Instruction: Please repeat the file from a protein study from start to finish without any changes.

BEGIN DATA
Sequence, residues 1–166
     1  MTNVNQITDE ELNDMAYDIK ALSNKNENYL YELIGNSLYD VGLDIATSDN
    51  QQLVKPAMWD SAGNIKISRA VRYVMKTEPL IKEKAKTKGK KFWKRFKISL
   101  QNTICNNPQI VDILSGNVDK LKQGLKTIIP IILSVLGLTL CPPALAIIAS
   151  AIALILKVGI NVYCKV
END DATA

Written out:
Sequence, residues 1–166
     1  MTNVNQITDE ELNDMAYDIK ALSNKNENYL YELIGNSLYD VGLDIATSDN
    51  QQLVKPAMWD SAGNIKISRA VRYVMKTEPL IKEKAKTKGK KFWKRFKISL
   101  QNTICNNPQI VDILSGNVDK LKQGLKTIIP IILSVLGLTL CPPALAIIAS
   151  AIALILKVGI NVYCKV